Building a Quality Survival Kit on a Budget: Part 1

Started a small project to build a quality survival kit on a budget. My first step is a container to place the contents of the kit in. Feel free to join in and build your own.

I’ve covered “kits” and “gear lists” before. This post is a first of many where I will chronicle building a quality survival kit on a budget. This idea came about after talking with a few friends and family members who agree that it’s a good idea to have one, but for whatever reason just seem to never have spare funds available to build one. After some back and forth with those folks, we came up with the following parameters for the project:

  • The kit should be self contained and small enough to be easily transported from one location to another with relative ease,
  • should have everything one needs to survive for 72 hours,
  • should contain quality items that won’t break the bank,
  • should be approachable and usable enough to use when camping or participating in other outdoor activities,
  • will be built over time with a budget of no more than $25 per month.

The last bullet point will be hard for me given my tendency to fancy expensive gear.

I’ll publish a post every month starting with this one covering what I purchased along with a link for you to pick one up. When possible, the links will be affiliate links where I may make a small commission from you using it (at no additional cost to you). But at the end of the day, the link will be to the actual item I actually purchased.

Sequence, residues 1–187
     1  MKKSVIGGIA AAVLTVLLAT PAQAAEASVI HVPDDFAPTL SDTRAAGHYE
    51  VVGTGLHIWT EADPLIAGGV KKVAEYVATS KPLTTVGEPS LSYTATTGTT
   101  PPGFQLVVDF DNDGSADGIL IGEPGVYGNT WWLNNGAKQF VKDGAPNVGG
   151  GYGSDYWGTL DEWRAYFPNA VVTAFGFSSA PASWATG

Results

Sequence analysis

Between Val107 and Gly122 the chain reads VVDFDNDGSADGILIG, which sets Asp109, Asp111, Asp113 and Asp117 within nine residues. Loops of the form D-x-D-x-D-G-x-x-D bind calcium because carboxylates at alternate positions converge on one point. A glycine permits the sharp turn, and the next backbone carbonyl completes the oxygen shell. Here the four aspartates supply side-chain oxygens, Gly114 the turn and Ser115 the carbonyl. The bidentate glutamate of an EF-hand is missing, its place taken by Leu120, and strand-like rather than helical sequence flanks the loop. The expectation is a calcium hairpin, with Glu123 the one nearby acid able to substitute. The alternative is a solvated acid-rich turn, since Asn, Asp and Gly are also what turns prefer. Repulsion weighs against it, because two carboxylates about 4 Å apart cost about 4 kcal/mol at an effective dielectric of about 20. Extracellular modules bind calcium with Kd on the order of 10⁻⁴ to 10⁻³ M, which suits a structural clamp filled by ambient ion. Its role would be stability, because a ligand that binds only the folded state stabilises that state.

Without further ado, let’s begin.

The first item for this survival kit is a an ammo can. Specifically, the MTM ammo can (AC-11). These are big enough to stuff full of stuff and are pretty sturdy. I’ve actually owned several for these in the past and they are great for storage and can take quite a beating.

This seems to me like a good starting point. It’s a good container to keep all the contents in a self contained package that is small enough to hide away in the corner of a trunk or a shelf. It’s also a container that is easy enough to grab and go. The contents can always be dropped into a backpack or another bag while doubling as a container for water collection.

So there you go. This is my starting point for building a quality survival kit on a budget. If you are wondering how this relates to firearms and shooting sports that I typically blog about, then you may be disappointed to learn that it really doesn’t. Other than it will likely be kit that will found in my vehicle when I’m out hunting or at a shooting range or camping or something similar. Besides with all the COVID-19 chatter on social and traditional media, it seemed like a timely topic that may help those who are showing a recent interest in preparedness build a little resilience against a small personal emergency.

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